Wreck of the \”Seeadler\” Part 1…..

Dear F&F,
June 8th, 2010

Wreck of the \”Seeadler\” part 1 (Posted via HF Radio from Mopelia Atoll)

While in our last island Maupiti, we had a nice dinner with friends from \”Na Maka\” and a lovely American couple from Guadalajara, David and Eileen.
The owner of the \”Pension\” (family style hotel), Gerrad; told us about a World War 1 German Shipwreck, \”Seeadler\” right outside Mopelia Pass.

This of course got us quite excited. A shipwreck we\’d never heard of, diveable in French Polynesia?

History: Count Captain Lt. Von Luckner, an aristocrat of French and German ancestry was to captain a captured American 3 masted sailing ship of 1500 gross tons and 275 feet. Formerly, \”Pass of Balhama\”, the ship was captured by a German U Boat and re-christend, \”Seeadler\” (Sea Eagle) and began \”raiding operations\” to harass allied shipping in WW1. Captain Von Luckner was both lucky and nimble and outfoxed several traps set for him at the tip of South America. His hallmark was that of the gentleman aristocrat adventurer/warrior. He prided himself on never taking a life in battle!

However, when \”firing a shot\” across a British merchant ship, the shot fell short, exploding a boiler and killing a young British sailor. Captain Von Luckner was distraught! He held a very formal burial at sea ceremony and apparently was disturbed by the event most of the rest of his life.

His classic style was to \”fire a shot across the enemies bow\”, have them see the hopelessness of the situation, surrender and promptly take the crew aboard, invite the Captain and officers to dine with him, then sink their ship. He had done this at least 16 times. He treated the captured crews so well, they often joined in his crew and he offered rewards to anyone who spotted enemy cargo ships for the taking.

Eventually, his luck ran out. He brought his \”Seeadler\” to this atoll, Mopelia in far western French Polynesia to avoid detection by the Australian and more specifically, New Zealand Navies. They were indeed hunting him. In a sudden westerly shift of the winds, \”Seeadler\” was at one moment on a protected shore and then next aground hard on the reef outside the pass. Realizing the vessel was lost, he ordered it burned to try and avoid enemy detection. Eventually, he took a small boat and sailed to Samoa where he was \”bluffed\” by a suspicious local policeman into surrendering. The police officers gun was apparently not loaded!

Captain Von Luckner and his small crew were interned on a New Zealand P.O.W. camp and despite this, managed to escape in a small boat. He was in search of another vessel and finally captured again where he spent the rest of the war in New Zealand. The fate of his remaining crew on Mopelia was another story.

They commandered a French vessel and sailed to Easter Island where they ran aground on an uncharted reef and were captured and interned by the Chilean Navy in Valpariso until the end of WW1.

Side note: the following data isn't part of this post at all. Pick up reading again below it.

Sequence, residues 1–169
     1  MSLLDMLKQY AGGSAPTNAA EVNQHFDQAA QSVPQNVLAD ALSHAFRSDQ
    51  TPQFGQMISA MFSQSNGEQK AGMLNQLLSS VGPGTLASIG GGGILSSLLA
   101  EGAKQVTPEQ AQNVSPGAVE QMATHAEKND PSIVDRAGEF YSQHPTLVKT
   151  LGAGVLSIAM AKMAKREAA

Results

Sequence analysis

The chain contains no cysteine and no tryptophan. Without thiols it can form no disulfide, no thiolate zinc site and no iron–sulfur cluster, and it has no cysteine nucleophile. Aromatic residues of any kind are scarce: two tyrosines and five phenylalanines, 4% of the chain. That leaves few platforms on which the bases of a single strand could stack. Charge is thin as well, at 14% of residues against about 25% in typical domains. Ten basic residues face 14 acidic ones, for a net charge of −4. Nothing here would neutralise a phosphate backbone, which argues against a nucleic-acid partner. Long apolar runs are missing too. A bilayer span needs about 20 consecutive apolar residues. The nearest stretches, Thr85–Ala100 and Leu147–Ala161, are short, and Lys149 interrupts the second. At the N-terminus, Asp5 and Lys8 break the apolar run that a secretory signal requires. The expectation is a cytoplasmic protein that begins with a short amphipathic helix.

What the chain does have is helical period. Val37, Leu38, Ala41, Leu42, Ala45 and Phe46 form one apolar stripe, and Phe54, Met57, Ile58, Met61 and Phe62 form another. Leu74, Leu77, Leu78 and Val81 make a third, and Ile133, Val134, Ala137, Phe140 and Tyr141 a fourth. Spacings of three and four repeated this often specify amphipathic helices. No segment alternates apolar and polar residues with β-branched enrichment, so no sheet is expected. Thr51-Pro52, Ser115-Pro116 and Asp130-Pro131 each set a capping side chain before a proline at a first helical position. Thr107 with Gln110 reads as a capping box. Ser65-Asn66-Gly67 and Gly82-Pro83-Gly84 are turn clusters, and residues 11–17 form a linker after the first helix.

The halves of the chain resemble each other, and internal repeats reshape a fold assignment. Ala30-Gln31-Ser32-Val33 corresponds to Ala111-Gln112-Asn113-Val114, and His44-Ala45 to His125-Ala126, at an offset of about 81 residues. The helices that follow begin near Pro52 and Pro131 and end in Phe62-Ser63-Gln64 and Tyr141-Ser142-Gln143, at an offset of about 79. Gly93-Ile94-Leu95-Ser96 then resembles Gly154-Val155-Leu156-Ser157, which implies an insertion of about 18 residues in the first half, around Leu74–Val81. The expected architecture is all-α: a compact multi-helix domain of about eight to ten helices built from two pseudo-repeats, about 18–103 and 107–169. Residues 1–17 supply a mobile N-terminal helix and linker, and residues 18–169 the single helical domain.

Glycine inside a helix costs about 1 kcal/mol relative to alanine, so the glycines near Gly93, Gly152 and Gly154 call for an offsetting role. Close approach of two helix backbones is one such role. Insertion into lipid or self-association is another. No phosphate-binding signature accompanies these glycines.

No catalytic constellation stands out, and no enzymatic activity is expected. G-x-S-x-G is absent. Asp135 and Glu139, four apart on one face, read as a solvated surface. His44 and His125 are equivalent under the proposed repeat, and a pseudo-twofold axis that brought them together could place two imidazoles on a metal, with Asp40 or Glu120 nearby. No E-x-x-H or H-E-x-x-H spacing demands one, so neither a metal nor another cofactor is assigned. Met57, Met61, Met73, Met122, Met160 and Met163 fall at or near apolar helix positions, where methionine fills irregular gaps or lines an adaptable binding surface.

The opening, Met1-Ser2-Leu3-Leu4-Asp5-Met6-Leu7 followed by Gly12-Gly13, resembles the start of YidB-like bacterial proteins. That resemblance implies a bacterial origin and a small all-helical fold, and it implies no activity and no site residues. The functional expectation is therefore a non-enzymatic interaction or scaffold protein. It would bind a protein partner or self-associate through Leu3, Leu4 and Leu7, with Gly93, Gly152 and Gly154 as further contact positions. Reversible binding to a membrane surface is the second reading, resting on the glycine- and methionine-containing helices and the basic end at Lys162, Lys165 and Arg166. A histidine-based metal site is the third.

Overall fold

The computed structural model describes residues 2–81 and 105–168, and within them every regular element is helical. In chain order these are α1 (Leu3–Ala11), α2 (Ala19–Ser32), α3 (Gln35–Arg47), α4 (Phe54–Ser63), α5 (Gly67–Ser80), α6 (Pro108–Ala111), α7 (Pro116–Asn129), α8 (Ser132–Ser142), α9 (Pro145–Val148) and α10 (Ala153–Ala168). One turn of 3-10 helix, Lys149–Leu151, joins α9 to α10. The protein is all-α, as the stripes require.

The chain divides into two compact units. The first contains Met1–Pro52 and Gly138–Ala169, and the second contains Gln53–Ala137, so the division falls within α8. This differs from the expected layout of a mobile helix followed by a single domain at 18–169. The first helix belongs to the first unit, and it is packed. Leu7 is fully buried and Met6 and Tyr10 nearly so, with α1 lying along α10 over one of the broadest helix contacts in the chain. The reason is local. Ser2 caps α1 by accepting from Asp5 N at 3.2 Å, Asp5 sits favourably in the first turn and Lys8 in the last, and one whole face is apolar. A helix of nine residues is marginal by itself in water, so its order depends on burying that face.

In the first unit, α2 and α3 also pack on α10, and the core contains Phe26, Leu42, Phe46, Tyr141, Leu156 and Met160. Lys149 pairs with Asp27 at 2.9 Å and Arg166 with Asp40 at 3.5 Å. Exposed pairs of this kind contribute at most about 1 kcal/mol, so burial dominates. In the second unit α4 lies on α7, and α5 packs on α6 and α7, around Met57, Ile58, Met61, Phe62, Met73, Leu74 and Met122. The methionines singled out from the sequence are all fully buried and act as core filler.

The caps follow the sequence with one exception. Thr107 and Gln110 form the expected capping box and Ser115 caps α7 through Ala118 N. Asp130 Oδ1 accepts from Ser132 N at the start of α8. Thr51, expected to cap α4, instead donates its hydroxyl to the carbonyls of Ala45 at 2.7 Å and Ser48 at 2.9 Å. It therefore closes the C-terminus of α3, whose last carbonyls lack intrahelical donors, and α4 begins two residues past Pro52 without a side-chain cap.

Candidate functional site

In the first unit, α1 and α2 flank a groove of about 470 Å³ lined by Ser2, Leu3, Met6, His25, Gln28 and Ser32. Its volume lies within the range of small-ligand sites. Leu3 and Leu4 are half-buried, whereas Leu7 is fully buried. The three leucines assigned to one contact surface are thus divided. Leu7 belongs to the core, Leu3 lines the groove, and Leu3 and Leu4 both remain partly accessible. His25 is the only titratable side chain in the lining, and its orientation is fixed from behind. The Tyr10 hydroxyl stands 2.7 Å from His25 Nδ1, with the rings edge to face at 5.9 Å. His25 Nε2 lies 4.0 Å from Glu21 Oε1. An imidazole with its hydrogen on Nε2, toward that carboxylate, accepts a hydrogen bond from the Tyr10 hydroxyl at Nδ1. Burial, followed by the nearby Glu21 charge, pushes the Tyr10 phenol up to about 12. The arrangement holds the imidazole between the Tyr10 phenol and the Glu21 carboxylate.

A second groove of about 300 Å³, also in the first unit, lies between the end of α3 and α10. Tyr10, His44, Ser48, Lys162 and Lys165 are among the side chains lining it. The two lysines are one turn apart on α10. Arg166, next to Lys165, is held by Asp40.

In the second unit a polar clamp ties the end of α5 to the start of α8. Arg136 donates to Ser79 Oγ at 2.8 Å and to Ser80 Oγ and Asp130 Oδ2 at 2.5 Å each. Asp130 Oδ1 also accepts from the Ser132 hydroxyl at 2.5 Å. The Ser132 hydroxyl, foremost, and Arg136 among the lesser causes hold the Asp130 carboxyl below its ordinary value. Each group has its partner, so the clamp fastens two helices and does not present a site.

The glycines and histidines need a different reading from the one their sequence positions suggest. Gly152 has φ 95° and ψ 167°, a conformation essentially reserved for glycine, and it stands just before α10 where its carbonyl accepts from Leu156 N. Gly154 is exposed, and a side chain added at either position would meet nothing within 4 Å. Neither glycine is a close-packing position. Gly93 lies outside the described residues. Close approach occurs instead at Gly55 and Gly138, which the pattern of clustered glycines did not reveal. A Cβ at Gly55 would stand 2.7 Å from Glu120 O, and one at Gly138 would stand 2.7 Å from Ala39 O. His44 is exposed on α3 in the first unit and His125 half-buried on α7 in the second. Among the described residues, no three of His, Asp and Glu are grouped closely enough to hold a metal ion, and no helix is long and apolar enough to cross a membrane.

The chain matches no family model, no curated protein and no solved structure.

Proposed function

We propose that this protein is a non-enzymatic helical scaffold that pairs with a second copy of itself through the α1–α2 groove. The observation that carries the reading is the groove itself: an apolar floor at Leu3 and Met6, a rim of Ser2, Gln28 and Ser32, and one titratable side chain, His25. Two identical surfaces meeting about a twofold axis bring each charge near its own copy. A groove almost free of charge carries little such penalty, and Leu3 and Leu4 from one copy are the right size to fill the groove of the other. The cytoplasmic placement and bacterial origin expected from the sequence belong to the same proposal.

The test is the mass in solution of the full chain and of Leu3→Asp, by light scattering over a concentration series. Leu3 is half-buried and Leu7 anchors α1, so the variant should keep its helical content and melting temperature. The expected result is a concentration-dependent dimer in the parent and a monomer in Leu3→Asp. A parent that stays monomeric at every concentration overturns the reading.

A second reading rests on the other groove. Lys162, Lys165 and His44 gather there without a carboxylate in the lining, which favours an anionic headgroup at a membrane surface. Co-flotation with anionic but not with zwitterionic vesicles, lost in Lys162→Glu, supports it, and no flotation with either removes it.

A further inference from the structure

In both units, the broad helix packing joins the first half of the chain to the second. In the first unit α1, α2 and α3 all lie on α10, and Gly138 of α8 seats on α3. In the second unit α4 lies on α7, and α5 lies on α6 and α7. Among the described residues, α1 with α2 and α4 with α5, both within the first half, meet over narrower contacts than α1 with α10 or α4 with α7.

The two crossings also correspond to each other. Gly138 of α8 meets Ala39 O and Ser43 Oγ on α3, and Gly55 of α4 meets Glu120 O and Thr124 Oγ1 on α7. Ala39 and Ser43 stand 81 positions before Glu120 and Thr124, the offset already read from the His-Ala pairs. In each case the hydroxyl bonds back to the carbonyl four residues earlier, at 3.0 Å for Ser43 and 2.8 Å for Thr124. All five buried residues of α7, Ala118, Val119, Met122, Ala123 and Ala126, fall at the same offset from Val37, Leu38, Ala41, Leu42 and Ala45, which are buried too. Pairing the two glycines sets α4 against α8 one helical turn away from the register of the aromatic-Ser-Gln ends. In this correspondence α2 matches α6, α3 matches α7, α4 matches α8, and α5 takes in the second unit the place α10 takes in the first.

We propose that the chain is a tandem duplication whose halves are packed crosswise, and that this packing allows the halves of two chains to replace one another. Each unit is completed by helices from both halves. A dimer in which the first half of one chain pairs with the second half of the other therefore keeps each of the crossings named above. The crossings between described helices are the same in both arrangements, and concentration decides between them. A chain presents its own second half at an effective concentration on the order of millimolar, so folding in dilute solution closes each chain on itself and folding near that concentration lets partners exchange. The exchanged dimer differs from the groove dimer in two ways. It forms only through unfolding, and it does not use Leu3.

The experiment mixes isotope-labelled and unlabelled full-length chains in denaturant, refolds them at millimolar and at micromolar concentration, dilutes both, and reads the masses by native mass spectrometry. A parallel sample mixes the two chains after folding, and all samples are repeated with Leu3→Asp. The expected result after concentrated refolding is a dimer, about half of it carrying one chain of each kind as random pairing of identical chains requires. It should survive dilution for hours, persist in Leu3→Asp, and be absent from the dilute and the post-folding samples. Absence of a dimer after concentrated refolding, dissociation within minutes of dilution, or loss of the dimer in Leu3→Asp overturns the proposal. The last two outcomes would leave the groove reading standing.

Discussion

This is NOT where the story ends however……

Captain Von Luckner returned to Germany where he was a folk hero. Hitler, tried to co-opt him for propaganda into the Nazi party. Von Luckner hated Hitler and everything he stood for. Von Luckner was a Mason, and the Nazis hated the Masons. This was the final straw for Hitler & the Nazis. Von Luckner\’s speaking tours in the U.S., Australia and New Zealand had packed audiences listening to his WW1 tales. His battle flag today hangs in the Auckland, New Zealand Maritime Museum.

While on these tours, instead of hailing the virtues of the \”Third Reich\”, Von Luckner went out of his way to tell the Western World of the dangers of Adolph Hitler and the Nazi party. Enraged, Hitler wanted Von Luckner killed and if it were not for his immense public popularity in Germany, he certainly would have been murdered. Kept throughout WW2, as a civilian, under house arrest in Halle, Germany.

Halle had been spared the carpet bombing by the Allied Air Forces, mostly because it was a huge POW camp with tens of thousands of American and other Allied prisoners of war. Seeing the futility of the German side, Von Luckner drove across Allied lines in a car, met with reporters and was taken to American Commander General Terry Allen where he told the General he could negotiate with the German High Command to bring a peaceful surrender of Halle thus saving needless casualties on both sides. Count Von Luckner delivered: Halle fell without a fight.

After the war, the Russians said that the Americans were \”never there\” and interned Von Luckner. Due to his services to the US, General George S. Patton personally had he and his wife released from Russian custody and escorted to Sweden where they lived with the Countess\’s family.

And now you know the rest of the story!

There was a book, recently published (2005), \”Voyage of the Seeadler\” (Sea Eagle may replace \”Seeadler\” on an Amazon search.
This book details the life of Count Captain Lt. Von Luckner.

The parallels are far too strong, and I believe he was the inspiration for the WW2 movie, \”Sea Wolf\” starring John Wayne as the German Captain.
I believe it was the only movie John Wayne played a German Officer?…..You IMBD hounds can confirm this.

Keep In Touch, lots of \”Seeadler\” photos to be posted when we get internet.

Scott and Cindy